No, Blackboard will not substitute for your lack of friends

January 27, 2010

Not three hours after reading this article in the Daily Universe–condemning the practice of using Blackboard to spam your classmates in hopes of prevailing upon them to email you the notes you didn’t take three days ago because you decided to sleep in instead of go to class–(deep breath)–I received the following email from a classmate in a large general education class:

Hey everyone, I was absent from Music class on Friday January 22. If someone could send me their notes from that day, that would be awesome!

And so on and so forth.

Whoops! Looks like someone didn’t read the paper this morning. The article was on the front page, for crying out loud! Above the fold!

Or maybe he or she just never learned plain old internet etiquette from his or her mother. (Speaking of etiquette, these “politically correct” constructions are, shall I say, quite cumbersome. I digress…)

(I might add that normally I would attribute the above quote to its proud, rightful author. But in favor of preserving his or her anonymity, I forgo that practice here.)

But wait! It gets better. An hour after catching wind of said taboo email, the astute professor of said music class sends the following stern rebuke to the class:

I always assume this is a no-brainer, but I guess I’ll have to spell it out for those of you who are guilty of this behavior.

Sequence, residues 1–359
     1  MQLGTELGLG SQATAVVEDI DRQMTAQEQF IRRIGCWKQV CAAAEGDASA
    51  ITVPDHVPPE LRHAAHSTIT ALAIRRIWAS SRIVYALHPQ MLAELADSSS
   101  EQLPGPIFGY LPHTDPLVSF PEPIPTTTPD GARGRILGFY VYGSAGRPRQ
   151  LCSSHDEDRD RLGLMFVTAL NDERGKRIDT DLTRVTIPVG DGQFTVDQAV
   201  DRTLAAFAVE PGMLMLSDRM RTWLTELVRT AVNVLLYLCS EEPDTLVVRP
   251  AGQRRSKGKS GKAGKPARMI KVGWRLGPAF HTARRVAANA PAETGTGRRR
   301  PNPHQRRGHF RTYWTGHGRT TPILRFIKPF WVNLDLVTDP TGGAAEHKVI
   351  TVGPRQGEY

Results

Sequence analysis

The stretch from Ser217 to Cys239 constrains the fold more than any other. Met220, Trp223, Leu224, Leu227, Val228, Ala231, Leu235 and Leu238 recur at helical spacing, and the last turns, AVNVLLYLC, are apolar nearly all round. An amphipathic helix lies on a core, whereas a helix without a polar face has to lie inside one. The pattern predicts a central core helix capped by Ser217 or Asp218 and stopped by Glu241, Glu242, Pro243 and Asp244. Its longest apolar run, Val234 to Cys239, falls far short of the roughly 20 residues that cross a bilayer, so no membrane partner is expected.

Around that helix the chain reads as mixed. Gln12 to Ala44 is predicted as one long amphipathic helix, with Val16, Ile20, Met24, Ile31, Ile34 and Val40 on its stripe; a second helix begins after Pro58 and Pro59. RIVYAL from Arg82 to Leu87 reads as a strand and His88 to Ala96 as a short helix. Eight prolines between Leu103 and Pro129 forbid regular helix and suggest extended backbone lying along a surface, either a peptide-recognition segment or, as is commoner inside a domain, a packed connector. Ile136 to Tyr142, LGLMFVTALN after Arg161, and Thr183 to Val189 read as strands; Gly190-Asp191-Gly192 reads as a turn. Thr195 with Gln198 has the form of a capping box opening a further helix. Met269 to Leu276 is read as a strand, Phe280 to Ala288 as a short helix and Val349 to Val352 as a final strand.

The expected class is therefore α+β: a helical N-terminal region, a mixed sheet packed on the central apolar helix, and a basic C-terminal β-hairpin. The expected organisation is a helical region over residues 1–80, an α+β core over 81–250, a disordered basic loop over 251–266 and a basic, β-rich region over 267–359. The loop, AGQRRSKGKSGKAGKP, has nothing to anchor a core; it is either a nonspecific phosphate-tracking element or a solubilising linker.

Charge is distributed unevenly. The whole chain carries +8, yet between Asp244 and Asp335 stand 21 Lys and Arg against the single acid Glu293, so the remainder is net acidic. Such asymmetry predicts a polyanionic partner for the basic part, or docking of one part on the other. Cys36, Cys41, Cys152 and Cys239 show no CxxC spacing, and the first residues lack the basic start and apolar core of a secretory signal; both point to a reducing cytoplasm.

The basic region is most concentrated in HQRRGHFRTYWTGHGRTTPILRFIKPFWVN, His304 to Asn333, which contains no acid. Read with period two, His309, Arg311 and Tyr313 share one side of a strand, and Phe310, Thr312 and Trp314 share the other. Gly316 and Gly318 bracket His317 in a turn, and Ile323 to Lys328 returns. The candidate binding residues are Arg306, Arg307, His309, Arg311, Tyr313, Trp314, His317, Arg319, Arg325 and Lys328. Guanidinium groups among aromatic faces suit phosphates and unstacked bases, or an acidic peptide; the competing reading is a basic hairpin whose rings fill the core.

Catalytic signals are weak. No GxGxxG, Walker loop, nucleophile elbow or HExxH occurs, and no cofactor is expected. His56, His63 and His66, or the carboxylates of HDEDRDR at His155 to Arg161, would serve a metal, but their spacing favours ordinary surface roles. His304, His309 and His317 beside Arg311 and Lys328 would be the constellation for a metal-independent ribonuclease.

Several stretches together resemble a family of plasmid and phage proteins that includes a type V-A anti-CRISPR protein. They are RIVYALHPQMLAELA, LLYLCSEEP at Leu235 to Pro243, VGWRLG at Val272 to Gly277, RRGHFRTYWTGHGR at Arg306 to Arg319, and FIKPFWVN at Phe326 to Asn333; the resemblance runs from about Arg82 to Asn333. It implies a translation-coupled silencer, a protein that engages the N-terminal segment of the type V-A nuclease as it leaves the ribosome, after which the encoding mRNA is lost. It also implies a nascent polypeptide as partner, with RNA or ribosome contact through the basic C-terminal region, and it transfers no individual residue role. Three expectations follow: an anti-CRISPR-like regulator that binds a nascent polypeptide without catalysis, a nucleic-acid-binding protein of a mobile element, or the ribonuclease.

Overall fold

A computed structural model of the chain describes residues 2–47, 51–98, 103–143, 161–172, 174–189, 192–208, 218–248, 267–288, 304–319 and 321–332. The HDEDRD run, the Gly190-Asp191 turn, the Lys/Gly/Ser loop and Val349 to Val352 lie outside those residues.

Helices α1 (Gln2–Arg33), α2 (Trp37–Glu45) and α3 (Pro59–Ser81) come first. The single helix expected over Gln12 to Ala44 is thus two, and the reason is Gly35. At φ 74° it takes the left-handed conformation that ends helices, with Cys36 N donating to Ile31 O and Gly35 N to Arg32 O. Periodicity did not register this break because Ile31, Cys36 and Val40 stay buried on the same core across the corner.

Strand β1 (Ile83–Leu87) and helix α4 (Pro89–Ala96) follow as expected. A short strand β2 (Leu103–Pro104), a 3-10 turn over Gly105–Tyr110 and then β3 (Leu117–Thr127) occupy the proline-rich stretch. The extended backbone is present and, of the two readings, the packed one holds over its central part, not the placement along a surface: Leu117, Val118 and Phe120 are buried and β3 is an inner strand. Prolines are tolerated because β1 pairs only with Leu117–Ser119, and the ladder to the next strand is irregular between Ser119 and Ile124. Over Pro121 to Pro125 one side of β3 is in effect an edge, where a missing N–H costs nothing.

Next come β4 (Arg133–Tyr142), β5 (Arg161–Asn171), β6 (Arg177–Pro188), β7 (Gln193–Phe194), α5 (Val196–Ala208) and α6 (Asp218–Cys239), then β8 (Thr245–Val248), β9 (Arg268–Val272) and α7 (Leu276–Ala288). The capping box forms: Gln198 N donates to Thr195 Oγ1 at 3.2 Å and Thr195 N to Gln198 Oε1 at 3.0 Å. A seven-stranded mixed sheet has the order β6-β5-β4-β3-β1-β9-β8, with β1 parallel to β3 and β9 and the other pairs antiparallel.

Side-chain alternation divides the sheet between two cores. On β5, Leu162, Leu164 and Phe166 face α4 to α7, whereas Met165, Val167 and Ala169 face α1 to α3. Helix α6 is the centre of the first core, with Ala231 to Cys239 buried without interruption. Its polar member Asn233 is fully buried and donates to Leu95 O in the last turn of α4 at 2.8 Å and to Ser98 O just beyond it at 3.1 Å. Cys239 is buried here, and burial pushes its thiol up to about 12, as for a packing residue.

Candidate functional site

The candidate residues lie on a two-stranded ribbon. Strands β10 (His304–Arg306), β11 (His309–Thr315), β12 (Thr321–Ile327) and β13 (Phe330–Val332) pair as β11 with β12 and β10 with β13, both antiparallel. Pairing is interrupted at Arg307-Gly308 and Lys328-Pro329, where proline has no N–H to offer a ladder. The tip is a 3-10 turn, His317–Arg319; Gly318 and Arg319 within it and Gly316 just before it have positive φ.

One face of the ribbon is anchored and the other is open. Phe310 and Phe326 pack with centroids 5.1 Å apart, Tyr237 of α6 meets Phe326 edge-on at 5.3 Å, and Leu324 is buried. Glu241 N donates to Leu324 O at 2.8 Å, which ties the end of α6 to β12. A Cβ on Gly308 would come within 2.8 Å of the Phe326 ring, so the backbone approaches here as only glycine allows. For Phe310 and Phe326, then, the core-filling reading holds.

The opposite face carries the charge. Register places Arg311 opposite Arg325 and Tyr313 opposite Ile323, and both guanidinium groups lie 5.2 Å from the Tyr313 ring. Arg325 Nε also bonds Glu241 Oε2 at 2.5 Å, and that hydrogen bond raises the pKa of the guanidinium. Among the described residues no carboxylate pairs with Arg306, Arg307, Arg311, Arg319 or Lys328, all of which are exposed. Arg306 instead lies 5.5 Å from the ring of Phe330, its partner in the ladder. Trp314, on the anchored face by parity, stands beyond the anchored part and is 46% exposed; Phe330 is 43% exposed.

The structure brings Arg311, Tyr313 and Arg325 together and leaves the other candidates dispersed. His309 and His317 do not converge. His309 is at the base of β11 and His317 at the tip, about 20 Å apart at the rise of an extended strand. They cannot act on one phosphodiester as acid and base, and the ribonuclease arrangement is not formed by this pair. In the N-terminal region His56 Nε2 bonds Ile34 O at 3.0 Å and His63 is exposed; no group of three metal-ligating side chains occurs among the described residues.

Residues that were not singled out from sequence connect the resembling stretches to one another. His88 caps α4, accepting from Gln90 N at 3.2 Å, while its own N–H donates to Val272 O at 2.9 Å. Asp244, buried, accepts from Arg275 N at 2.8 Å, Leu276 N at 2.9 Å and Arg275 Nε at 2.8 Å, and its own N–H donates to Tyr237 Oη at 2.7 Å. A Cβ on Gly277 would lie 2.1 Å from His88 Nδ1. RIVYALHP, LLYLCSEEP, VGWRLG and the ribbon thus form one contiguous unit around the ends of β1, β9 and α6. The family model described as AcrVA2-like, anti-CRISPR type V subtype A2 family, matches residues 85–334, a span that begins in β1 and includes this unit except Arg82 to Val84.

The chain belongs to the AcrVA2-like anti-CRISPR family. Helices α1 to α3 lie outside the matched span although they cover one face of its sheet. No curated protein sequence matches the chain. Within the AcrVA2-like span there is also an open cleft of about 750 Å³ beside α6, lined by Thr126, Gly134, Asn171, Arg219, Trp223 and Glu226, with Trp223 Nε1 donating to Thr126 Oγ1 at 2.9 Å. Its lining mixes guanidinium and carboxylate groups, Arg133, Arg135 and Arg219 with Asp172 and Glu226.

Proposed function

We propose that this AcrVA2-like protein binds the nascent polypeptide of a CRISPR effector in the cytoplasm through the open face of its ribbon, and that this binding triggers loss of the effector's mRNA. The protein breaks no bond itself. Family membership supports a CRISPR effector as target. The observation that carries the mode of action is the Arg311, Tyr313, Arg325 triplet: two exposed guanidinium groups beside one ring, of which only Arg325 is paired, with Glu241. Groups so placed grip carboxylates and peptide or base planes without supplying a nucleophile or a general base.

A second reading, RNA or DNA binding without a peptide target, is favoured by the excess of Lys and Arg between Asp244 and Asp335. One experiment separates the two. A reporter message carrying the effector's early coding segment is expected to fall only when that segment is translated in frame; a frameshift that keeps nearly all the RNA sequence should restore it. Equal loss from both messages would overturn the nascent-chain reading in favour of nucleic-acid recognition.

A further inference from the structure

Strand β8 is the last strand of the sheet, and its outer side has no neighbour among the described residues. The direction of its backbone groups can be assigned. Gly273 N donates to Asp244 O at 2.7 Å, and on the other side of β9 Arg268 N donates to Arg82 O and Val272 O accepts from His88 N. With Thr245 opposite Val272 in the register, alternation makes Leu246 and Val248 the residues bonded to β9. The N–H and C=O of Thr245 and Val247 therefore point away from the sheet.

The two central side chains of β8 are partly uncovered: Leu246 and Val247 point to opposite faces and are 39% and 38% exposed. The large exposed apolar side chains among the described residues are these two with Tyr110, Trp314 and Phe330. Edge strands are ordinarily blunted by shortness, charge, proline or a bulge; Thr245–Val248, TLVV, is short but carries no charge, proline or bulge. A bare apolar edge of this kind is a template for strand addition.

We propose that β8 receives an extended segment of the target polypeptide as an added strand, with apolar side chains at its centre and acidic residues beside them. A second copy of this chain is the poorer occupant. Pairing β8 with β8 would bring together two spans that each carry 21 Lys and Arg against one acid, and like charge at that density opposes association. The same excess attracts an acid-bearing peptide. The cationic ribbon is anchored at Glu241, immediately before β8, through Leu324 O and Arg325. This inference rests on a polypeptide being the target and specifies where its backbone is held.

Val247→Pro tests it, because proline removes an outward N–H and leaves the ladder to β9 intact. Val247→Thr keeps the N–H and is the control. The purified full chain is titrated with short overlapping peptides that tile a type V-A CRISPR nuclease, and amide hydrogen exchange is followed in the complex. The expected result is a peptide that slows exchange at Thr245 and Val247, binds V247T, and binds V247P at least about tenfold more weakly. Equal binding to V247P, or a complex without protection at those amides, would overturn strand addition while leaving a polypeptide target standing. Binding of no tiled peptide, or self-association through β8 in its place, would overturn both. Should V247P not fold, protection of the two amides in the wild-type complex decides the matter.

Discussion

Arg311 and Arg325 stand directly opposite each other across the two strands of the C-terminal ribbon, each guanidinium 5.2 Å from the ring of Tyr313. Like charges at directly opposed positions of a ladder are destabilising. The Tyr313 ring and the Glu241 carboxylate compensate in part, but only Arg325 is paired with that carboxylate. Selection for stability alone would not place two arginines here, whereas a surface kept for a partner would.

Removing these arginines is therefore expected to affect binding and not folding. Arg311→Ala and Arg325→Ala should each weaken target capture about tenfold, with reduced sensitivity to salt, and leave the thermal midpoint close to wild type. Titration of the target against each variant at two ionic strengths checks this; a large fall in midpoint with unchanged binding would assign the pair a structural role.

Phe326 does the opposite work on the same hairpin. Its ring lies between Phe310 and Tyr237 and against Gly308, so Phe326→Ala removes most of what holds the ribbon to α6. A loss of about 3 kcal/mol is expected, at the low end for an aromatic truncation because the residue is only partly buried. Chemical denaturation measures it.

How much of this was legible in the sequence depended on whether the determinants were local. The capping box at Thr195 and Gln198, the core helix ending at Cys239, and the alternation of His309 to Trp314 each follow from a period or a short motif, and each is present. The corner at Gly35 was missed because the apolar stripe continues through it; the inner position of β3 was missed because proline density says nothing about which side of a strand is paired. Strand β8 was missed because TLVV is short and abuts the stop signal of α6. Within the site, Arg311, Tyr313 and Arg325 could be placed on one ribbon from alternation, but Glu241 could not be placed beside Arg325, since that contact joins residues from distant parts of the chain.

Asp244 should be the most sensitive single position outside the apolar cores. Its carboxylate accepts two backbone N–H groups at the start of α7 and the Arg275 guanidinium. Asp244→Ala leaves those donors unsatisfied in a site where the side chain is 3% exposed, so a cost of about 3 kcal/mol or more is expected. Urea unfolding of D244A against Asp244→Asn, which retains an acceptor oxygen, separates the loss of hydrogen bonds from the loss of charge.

It is not appropriate use of Blackboard to e-mail the entire class asking for notes because you missed class.

If you miss class, you are more than welcome to ask your friends who are in the class for some help. If you have no friends in the class, please make some. But do not e-mail the entire class asking for notes. It is inconsiderate and annoying to those who attend each day and are actually doing the work.

No, Blackboard will not substitute for your lack of friends.

And no, you may not use it to mooch notes off strangers because you chose not to come to class.

That’s my favorite thing favorite pet peeve about these freshman classes. They’re huge. And everybody and their dog emails everybody else (and their dogs) for notes. And frankly, hardly anyone ever responds to them.

Cuz it’s just that annoying.


Art of possibility

January 5, 2010

Last night we had a Concert Choir “Family Home Evening” with our illustrious conductor, Sister Hall. She taught an inspiring lesson on a theme that is treated frequently throughout scripture, but which can be hard to understand in its real and practical sense:

For with God nothing shall be impossible
–Luke 1:37

The Art of Possbility

(from Amazon.com)

She referred to a book she read long ago that changed her vision on this topic, The Art of Possibility by Rosamund Stone Zander and Benjamin Zander. They postulated that almost everything we do in life is bound to some sort of measurement system. Those measurements could be in terms of money, social standing, popularity, ability, time, or any other such thing. Within the confines of these measurement systems, we’re always striving for “enough.” To have enough money, enough friends, enough time, enough talent. To be enough.